Thursday, November 26, 2009

Gobble gobble, indeed

Thanksgiving in my family has never been a huge event -- just the parents, my sister and me, with the rare guest (I think I might have invited the college boyfriend once or twice). In fact, it's one of the things I'm thankful for most of the time. Very little stress is involved, unless my mom gets caught up in something she absolutely has to try for the first time, and it doesn't work out. The rest of us don't really care. For the most part, we're all just happy enough to get the standard meal and relax with each other.

Growing up, I felt that we were kind of abnormal in that we didn't have a million people over, or that we didn't all go to my grandmother's house for a big gathering. Somehow, it didn't seem quite American for it just to be us four, in our own house, no guests, but as I got older, I started seeing the wisdom of it. I could never figure out why it is that so many people (women, mostly, I've observed) have to make everything perfect and declare the whole day ruined if the cranberry sauce comes out runny or someone forgets to bring something. Isn't the whole point supposed to be around gratitude and togetherness?

That's not to say we didn't have our unusual aspects -- things that really would have made us weird. When I was 10 or 11 years old, my father took the wall oven out of the kitchen. I think he said there was a gas leak or something, but the bottom line was that he deemed it unsafe. That left a big, gaping hole in the wall, and true to my mom's chronic procrastination, the hole never got filled with a new oven. She had grand ideas about redoing the kitchen, and to this day, there's no oven and a decor that could be the tableau of a Smithsonian exhibit about Eisenhower-era suburban life.

After a bit, the parents bought a combination microwave/convection oven which did a nice job of cooking a turkey, albeit spinning on a carousel in an oven on a microwave cart. It was the period between the gas oven's departure and the advent of residential nukers that created the issue.

My parents were big fans of the Weber grill, the kettle-like structure that was noted for being a true revolution in traditional backyard cooking. The neighborhood kids thought it looked weird, compared with their parents' traditional grills, but my dad, ever the scientific thinker, knew better. The shape and lid of the Weber would more evenly distribute heat from the charcoal, as air circulation could be more ably controlled by vents in the lid and kettle. He was truly a man ahead of his time, or at least ahead of the Luddites down the street.

So the question at Thanksgiving became: do we splurge and go out to a restaurant for dinner, or do we use the Weber grill? Being both cost-conscious and resourceful, the parents opted to go for the grill. I don't know what's more embarrassing to a pre-teen and teen girl: that there's a big, built-in-oven-sized hole in the kitchen cabinetry, or that Mom and Dad are wrestling with a 15 pound turkey in front of a charcoal grill in the backyard on an overcast, 45-degree day in November. Never mind that they'd be doing the traditional stressed-out Thanksgiving bickering about the right way to do things. To their credit, though, the bird always came out okay, even in the years when it rained or hailed Dad had to set up the Weber in the garage and leave the door open. You can imagine how novel that looked on Christmas day.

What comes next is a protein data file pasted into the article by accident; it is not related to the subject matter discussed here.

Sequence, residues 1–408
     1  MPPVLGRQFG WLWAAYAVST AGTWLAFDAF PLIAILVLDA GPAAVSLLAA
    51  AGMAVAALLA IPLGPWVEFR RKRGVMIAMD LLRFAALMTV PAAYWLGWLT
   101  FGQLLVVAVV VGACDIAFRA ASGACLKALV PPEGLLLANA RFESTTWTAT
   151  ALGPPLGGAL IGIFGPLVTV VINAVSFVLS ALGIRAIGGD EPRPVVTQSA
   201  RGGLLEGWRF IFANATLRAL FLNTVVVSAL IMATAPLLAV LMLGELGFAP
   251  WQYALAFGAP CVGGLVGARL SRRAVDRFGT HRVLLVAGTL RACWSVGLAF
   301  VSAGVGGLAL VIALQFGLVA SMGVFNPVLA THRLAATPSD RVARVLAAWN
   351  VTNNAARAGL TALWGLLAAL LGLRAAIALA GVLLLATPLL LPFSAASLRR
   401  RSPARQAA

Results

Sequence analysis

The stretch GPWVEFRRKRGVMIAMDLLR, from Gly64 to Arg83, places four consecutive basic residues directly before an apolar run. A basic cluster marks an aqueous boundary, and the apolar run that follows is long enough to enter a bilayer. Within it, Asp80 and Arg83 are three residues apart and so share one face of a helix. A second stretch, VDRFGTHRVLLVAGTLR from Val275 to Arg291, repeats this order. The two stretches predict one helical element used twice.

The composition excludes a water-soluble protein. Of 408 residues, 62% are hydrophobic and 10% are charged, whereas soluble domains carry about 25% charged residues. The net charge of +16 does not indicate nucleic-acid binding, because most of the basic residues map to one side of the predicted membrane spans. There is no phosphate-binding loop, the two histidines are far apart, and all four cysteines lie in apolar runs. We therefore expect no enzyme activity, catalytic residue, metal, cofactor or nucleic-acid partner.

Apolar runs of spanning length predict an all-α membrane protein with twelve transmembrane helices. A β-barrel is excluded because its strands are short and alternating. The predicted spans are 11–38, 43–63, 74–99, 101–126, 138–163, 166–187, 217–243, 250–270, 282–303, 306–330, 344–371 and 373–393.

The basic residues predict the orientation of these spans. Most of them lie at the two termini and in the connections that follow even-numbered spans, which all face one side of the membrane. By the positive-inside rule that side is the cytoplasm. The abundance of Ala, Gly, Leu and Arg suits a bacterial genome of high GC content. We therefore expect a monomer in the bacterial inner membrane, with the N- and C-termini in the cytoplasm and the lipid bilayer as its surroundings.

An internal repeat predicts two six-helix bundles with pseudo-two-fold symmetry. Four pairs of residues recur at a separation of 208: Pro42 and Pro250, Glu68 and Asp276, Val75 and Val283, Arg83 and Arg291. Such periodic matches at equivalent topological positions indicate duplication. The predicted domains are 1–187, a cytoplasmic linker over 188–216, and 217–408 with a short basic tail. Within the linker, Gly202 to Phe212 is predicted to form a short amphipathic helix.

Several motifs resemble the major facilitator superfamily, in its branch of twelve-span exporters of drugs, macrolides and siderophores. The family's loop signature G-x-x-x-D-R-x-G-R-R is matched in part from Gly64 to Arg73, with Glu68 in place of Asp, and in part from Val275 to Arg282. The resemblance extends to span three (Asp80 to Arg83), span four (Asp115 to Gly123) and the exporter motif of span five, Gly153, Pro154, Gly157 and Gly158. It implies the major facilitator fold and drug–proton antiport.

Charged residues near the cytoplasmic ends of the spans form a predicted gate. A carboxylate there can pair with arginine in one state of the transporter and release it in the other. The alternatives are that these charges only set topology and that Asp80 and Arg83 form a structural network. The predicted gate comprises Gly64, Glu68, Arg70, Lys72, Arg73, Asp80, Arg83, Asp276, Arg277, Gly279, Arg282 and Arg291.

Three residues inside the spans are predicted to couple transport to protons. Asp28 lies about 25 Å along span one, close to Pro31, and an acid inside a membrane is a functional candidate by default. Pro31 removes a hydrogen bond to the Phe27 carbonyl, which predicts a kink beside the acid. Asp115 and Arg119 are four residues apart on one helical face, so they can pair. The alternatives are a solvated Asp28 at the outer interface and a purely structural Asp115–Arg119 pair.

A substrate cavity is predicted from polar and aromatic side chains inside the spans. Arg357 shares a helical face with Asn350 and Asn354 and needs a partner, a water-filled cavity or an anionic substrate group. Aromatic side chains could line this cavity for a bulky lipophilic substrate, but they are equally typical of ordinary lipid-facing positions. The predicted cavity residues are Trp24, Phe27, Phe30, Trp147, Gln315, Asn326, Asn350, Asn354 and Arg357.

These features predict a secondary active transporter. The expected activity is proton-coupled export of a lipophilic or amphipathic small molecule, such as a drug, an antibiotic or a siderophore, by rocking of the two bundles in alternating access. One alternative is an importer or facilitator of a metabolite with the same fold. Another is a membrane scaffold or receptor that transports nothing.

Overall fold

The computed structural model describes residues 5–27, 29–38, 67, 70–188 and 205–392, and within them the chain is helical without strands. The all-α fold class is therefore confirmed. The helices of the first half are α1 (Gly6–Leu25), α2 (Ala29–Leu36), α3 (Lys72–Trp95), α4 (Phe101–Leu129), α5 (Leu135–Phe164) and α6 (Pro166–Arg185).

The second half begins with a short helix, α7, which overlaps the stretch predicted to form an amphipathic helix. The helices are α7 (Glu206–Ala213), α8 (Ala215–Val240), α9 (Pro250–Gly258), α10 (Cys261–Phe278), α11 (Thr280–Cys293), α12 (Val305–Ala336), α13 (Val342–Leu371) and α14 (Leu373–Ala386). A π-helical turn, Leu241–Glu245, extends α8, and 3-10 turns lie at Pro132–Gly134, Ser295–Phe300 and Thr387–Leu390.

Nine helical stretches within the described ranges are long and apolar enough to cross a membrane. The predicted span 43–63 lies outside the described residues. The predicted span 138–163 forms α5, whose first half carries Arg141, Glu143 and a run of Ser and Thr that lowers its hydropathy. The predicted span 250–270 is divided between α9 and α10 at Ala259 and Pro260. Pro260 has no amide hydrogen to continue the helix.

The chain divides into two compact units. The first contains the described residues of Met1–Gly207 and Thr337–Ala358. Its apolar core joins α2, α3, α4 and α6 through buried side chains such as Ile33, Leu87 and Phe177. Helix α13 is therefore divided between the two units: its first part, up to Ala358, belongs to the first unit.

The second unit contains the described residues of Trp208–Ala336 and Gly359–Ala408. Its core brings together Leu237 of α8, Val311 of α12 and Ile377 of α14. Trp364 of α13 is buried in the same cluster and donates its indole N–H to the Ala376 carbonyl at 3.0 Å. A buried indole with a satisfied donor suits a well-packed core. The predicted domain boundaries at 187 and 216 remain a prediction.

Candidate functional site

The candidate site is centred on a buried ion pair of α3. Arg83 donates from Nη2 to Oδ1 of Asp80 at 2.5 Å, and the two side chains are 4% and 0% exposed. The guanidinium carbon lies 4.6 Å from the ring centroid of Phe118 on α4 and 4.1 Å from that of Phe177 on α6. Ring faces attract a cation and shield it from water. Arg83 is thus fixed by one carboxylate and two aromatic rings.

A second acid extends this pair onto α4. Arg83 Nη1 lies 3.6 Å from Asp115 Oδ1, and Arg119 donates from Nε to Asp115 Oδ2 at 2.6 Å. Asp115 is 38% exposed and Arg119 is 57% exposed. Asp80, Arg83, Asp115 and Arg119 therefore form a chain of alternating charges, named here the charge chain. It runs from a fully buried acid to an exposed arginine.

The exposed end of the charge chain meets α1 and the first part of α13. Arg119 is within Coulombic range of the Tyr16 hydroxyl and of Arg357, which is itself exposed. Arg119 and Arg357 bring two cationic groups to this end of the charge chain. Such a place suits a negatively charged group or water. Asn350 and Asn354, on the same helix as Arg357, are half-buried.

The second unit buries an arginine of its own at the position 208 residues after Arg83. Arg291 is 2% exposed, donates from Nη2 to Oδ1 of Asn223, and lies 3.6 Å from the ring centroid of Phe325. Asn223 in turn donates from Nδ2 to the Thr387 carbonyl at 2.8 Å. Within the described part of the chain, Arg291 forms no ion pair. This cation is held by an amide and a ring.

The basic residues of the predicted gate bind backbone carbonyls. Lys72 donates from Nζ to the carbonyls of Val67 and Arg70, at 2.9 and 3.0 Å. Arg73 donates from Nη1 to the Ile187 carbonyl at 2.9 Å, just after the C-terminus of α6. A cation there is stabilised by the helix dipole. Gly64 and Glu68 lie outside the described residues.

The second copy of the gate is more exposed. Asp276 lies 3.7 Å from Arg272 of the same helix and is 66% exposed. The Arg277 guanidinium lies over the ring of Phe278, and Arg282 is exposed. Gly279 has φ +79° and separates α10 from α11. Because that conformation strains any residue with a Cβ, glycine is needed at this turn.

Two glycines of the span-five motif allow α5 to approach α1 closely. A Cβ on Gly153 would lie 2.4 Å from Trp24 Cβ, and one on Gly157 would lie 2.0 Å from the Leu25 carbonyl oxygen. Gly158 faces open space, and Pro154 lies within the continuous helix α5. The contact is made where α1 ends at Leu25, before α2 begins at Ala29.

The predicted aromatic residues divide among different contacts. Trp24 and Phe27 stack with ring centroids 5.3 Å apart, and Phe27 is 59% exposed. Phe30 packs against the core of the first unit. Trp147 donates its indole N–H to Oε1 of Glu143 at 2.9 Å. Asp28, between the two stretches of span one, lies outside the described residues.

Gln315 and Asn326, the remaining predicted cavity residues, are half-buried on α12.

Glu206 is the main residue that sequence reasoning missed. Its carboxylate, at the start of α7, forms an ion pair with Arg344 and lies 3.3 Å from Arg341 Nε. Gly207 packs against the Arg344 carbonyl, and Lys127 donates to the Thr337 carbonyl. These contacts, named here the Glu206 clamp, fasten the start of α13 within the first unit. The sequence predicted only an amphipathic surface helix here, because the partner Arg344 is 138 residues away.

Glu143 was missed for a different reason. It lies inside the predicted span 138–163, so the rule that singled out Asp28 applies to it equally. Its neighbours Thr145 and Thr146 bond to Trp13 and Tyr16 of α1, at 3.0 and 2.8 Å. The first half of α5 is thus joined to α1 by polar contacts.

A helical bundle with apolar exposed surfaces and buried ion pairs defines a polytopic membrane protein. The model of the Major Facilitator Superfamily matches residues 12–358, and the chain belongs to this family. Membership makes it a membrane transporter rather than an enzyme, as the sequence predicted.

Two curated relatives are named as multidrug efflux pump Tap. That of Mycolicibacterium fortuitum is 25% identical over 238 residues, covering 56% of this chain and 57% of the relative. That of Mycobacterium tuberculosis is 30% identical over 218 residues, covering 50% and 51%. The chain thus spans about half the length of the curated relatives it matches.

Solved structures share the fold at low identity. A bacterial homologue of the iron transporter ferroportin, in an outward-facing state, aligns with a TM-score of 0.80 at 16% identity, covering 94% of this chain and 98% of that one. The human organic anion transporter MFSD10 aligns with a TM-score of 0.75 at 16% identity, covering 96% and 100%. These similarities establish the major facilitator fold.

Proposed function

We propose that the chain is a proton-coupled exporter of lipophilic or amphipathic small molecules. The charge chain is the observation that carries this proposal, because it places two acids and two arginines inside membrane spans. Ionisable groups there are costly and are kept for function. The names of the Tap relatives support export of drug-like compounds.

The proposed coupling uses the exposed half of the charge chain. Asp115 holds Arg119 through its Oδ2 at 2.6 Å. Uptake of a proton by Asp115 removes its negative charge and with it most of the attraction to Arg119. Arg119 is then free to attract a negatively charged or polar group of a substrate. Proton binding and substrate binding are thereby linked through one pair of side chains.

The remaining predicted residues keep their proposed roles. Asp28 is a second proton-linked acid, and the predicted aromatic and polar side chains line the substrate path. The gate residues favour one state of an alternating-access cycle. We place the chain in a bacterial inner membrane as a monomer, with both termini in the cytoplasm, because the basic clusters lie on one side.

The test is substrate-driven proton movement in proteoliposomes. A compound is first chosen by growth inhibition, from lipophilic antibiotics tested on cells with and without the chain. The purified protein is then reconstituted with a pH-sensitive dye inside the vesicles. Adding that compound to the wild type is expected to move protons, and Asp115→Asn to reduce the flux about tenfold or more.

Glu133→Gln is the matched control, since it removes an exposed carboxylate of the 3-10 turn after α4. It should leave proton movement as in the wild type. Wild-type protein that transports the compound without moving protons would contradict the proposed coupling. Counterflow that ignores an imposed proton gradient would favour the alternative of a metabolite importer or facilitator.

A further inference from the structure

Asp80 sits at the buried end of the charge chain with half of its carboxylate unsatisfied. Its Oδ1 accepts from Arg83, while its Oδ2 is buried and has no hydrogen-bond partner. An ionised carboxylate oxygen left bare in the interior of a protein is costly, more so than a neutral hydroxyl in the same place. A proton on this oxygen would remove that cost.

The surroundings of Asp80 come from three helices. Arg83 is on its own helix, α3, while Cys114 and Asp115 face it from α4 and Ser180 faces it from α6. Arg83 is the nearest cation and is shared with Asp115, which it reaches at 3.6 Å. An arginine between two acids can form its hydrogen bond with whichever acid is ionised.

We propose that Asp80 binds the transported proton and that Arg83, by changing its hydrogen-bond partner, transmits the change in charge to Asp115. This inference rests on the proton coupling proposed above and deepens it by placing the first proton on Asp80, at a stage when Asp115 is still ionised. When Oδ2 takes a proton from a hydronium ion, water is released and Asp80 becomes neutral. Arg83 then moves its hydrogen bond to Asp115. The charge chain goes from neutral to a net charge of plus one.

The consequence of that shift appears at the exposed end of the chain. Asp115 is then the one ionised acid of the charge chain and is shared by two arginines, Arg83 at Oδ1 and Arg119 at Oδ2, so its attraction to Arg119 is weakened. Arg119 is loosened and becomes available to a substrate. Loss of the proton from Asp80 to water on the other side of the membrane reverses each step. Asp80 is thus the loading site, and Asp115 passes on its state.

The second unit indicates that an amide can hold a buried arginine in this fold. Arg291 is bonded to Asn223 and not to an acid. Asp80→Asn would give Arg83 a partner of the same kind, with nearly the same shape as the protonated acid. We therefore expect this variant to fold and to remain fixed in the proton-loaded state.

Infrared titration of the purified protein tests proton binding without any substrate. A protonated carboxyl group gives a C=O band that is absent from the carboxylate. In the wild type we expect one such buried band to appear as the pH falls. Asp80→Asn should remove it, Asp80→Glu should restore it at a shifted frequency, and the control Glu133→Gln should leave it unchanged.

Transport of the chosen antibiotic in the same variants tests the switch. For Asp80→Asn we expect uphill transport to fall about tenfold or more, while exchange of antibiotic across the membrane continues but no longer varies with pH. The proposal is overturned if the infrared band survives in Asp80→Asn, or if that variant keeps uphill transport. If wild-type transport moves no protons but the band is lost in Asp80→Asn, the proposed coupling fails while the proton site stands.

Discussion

Now, of course, you hear a litany of stories about outdoor Thanksgiving cooking. There's the famous turkey deep-fryer that demands a backyard for use. And any number of celebrity TV cooks talk about the wonderful flavor imparted by roasting a bird over an open flame. Mom and Dad truly were ahead of their time.

Yeah, it was embarrassing to be different when being like everyone else was so important. But then I wouldn't have the story to tell. That said, I really wish they would get that kitchen redone, or at least get a new oven. The trusty convection oven broke, and my mom brought the turkey over yesterday to cook. I'm not sure how she's warming it up today, but no doubt there will be another good story.

Wednesday, November 11, 2009

If history exists in a vacuum, does it really exist?

Capitalizing on the good weather while it lasts, I made a trip up to Paterson last week to check out the Great Falls and environs. While I've visited a ton of historic spots in New Jersey, Paterson had yet to make the list, for reasons I couldn't fathom.

For those not familiar with the city, it was America's first planned industrial community, conceived by Alexander Hamilton, the nation's first secretary of the Treasury, among other things. Counter to Thomas Jefferson, who saw America's future as largely agrarian, Hamilton believed that the country's best chance for economic independence was through industry. If we could manufacture our own products, from our own resources, we'd have little need for imports from our former European rulers. With others who felt likewise, he was instrumental in the creation of the Society for the Establishment of Useful Manufactures, or SUM, which then built Paterson's industry.

Through a clever system of raceways, the Great Falls of the nearby Passaic River provided hydropower to run mills and factory turbines. Eventually, the city became home to the Colt gunworks, the Rogers Locomotive works, and a variety of textile mills. In fact, Paterson was known for a long time as Silk City due to the strength of that industry within the city. Thomas Edison located one of his Illuminating factories there, as did the Wright-Curtiss operation that built the engine for the Spirit of St. Louis.